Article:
Career Testing
Career Testing
Career Testing
JOB SEARCH / JUL. 05, 2015
version 6, draft 6

14 Steps to Finding Your Ideal Job

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When you have rent, utilities and other bills, you might take any job that comes your way. While ‘any’ job provides a paycheck, however, it might not be satisfying or rewarding.

Some people have given up on the idea of finding their ideal job, thinking it doesn’t even exist. But there’s a job that’s just for everyone. So if you’re tired of hopping from job to job, here are 14 steps to finding the right for you.

See also: 5 Signs You’re In a Dead End Job

1. Know What You're Looking For

Before you can begin the search for an ideal job, you have to know what you’re looking for. Based on your skills, experience, education and desired salary, make a list of jobs you’re qualified for. Also, research different jobs you can get with your particular degree — you might qualify for more jobs than you think. For example, a person with an English degree can do more than teach English or become a writer. They also qualify for positions in human resources or public relations.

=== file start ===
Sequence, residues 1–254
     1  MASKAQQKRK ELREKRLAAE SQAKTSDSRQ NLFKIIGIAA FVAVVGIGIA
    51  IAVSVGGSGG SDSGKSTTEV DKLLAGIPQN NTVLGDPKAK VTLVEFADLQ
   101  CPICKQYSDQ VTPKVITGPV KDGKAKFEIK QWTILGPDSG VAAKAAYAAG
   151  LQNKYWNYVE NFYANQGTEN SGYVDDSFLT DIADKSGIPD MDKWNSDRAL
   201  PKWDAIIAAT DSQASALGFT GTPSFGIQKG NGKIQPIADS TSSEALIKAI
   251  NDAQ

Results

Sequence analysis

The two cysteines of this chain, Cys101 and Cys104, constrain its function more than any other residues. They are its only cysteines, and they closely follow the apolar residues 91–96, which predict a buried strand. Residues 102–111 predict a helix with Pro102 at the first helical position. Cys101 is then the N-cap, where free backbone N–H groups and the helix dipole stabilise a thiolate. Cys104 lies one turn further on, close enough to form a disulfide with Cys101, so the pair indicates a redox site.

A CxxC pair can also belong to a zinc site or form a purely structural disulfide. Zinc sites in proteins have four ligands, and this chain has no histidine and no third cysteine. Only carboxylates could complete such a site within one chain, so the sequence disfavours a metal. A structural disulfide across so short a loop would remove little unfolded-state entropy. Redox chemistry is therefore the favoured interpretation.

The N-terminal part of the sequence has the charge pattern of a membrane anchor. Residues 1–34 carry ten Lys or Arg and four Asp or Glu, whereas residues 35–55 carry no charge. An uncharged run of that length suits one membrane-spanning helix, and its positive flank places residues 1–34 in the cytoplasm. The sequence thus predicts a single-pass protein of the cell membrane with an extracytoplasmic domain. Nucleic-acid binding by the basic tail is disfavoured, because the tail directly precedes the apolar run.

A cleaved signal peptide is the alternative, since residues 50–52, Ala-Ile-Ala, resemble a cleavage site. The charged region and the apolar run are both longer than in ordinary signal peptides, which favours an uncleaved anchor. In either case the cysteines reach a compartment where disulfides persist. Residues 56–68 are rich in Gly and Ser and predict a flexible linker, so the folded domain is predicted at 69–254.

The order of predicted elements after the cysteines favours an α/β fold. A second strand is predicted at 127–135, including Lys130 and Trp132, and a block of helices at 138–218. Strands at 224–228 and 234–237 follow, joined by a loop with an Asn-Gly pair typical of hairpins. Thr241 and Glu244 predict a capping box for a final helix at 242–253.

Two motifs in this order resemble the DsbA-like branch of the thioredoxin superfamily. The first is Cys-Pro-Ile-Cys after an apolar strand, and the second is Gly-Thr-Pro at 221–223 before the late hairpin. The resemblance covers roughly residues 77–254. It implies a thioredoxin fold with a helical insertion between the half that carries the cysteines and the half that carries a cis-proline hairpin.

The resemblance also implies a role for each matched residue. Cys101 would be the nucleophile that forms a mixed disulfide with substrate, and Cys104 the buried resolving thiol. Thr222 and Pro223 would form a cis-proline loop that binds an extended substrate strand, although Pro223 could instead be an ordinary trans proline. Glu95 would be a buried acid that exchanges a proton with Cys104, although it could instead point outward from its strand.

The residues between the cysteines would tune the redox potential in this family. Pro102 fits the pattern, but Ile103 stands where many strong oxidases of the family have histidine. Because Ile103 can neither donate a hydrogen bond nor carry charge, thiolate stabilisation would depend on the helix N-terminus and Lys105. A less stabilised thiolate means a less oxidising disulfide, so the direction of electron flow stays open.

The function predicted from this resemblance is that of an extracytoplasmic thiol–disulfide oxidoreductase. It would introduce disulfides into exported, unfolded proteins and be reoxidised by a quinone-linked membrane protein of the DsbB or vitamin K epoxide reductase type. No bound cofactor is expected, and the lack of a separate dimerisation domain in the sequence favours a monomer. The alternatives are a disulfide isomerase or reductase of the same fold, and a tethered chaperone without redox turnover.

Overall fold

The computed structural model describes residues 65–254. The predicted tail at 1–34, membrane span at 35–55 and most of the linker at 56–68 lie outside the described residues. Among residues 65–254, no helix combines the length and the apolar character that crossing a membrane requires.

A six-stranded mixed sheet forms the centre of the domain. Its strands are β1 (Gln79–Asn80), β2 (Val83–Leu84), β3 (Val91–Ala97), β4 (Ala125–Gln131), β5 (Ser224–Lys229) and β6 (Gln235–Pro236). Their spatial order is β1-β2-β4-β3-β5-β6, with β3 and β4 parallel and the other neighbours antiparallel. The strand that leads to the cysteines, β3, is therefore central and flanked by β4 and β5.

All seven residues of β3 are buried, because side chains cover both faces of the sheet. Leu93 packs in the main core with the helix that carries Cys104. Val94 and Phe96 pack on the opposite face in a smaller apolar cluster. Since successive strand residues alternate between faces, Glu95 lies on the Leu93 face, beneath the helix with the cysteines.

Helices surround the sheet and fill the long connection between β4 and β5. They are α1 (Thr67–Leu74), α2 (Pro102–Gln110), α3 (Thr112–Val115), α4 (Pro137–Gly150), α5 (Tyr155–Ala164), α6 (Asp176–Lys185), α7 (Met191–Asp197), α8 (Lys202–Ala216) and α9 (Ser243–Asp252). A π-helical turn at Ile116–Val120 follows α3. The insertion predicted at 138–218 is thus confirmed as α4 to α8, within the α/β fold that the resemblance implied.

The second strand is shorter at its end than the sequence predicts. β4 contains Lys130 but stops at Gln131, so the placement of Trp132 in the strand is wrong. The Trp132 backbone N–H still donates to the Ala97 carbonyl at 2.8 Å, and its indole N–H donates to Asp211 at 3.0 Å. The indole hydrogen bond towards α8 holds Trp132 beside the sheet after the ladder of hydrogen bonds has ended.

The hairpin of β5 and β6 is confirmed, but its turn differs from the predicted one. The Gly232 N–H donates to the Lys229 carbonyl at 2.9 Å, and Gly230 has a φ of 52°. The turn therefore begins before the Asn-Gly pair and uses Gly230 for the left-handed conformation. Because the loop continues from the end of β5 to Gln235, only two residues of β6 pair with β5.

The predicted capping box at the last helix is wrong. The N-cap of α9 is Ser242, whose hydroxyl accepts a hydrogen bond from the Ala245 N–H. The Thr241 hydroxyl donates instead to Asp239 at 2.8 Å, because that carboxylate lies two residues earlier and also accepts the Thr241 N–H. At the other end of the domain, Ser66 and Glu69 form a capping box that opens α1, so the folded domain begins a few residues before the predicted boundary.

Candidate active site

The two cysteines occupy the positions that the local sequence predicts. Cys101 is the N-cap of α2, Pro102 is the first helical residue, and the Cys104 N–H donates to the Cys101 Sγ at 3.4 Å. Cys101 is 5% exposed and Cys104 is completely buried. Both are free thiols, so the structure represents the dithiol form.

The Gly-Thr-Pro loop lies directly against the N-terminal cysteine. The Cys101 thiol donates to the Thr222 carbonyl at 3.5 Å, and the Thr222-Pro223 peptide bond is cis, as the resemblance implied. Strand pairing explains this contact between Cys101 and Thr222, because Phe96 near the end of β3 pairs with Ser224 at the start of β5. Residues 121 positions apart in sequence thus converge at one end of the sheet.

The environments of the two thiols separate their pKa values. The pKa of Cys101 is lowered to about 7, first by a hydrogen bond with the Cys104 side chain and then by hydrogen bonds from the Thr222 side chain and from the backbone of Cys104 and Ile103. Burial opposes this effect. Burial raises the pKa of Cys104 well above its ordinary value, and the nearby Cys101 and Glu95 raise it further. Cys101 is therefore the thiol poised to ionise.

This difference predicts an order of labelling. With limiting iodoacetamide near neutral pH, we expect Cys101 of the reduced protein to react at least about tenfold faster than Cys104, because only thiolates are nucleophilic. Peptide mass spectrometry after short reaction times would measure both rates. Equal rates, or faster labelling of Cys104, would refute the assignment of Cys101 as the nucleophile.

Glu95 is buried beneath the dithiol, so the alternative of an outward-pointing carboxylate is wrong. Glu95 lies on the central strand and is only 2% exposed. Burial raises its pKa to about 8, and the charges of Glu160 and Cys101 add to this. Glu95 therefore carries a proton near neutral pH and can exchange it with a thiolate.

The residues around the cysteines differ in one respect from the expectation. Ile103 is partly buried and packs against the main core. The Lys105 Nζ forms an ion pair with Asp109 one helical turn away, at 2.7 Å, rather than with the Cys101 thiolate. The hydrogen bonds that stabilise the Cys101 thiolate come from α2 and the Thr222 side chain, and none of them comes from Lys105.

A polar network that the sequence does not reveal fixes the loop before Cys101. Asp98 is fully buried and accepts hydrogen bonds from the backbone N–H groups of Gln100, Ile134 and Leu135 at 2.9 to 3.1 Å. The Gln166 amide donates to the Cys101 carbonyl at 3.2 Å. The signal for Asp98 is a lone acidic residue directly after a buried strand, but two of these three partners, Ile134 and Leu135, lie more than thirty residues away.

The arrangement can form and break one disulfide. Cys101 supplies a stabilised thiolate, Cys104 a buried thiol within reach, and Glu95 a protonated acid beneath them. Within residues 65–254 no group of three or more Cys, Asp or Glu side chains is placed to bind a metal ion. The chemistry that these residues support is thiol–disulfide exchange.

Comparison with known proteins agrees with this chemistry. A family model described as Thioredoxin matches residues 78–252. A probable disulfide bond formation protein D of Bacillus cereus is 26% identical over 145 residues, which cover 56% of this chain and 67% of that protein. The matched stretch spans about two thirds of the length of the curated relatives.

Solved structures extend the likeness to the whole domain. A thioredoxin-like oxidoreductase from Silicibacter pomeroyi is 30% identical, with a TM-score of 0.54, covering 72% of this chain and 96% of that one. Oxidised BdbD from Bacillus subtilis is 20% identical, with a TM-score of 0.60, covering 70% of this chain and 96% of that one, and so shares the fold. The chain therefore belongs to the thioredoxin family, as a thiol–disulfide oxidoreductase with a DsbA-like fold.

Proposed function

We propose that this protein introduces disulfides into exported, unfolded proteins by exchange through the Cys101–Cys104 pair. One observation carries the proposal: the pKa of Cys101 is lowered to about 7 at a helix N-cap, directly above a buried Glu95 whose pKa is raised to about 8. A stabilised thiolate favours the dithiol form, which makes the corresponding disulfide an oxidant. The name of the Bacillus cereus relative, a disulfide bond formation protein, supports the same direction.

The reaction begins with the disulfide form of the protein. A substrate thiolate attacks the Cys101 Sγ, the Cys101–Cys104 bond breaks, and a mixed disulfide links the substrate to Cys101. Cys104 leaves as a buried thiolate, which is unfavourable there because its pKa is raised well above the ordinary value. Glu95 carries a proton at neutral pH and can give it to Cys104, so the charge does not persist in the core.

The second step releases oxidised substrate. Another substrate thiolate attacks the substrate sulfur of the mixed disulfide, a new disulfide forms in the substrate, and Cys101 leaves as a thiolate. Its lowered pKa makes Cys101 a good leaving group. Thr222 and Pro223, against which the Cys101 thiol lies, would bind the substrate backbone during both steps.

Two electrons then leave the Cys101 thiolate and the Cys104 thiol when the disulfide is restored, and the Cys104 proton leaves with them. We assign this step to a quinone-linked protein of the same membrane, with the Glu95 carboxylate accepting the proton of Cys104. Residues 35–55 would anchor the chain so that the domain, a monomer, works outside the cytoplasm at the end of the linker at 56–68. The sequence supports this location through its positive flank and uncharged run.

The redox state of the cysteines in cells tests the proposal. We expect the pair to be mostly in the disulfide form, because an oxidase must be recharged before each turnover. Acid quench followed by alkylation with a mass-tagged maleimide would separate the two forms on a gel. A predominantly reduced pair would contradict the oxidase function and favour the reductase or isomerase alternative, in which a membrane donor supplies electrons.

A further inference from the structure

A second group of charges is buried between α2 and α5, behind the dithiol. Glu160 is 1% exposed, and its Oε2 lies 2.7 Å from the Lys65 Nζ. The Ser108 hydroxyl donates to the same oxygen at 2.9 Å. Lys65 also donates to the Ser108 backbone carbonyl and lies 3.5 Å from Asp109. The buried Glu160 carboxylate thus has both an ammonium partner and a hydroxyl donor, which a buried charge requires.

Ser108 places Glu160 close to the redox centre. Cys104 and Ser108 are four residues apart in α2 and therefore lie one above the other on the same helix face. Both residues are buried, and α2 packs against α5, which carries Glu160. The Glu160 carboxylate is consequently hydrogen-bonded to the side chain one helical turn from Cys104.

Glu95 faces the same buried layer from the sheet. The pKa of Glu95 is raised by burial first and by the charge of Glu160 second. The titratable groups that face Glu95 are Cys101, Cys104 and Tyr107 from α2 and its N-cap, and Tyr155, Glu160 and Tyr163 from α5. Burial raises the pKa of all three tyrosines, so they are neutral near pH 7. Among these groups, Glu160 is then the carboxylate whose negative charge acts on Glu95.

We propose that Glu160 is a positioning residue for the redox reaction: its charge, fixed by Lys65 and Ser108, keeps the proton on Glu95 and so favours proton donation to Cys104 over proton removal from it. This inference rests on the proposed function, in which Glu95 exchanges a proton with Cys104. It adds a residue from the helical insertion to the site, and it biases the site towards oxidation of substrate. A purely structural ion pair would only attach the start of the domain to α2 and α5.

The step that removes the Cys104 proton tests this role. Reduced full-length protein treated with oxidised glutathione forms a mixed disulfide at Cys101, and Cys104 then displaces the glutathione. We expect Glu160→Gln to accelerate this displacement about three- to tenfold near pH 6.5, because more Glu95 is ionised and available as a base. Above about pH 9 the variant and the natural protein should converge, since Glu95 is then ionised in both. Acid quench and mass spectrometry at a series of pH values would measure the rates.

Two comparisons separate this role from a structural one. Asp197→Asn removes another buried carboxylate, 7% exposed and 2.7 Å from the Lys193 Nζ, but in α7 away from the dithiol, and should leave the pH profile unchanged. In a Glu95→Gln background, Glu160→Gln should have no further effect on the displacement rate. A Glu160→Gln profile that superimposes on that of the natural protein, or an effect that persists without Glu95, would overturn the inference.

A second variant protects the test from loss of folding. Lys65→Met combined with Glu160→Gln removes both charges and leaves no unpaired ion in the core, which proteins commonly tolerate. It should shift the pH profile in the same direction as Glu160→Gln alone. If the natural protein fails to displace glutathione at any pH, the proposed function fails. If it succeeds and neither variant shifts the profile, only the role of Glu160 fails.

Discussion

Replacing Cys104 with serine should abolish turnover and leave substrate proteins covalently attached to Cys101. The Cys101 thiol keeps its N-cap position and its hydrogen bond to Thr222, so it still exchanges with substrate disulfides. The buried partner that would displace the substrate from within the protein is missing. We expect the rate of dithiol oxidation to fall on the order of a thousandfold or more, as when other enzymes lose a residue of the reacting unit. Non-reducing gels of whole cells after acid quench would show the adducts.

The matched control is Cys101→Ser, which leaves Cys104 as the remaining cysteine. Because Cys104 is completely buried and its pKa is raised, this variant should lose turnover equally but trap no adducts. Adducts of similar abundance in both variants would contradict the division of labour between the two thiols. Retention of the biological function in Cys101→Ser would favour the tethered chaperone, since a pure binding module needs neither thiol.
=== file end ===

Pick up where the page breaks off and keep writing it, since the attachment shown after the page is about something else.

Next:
2. Don't Quit Your Present Job

If you have minimum expenses and enough money in your savings account, you might quit your present job before finding a new one. Quitting your job definitely makes it easier to schedule job interviews, and you can spend more time searching for a job. However, it might be easier to find a job when you already have one. This is because some employers discriminate against jobless candidates — viewing them as less qualified than working applicants. This isn’t right or fair, but it happens. So, while your present job might be a nightmare, don’t quit it until you have something else lined up.

3. Target Your Ideal Companies

Once you know what you want to do, make a list of companies that hire people with your skills and qualifications. After you create this list, visit each company’s career page. You might stumble upon opportunities that aren’t listed in the newspaper or on job boards. If you find the name of the hiring manager, you can email your résumé and express your desire to work with the company.

4. Keep Up with the Industry

Make sure you stay up-to-date in your industry. Jobs are constantly changing and evolving, and getting your ideal job might require taking a class and acquiring new skills.

5. Reach Out to Your Social Network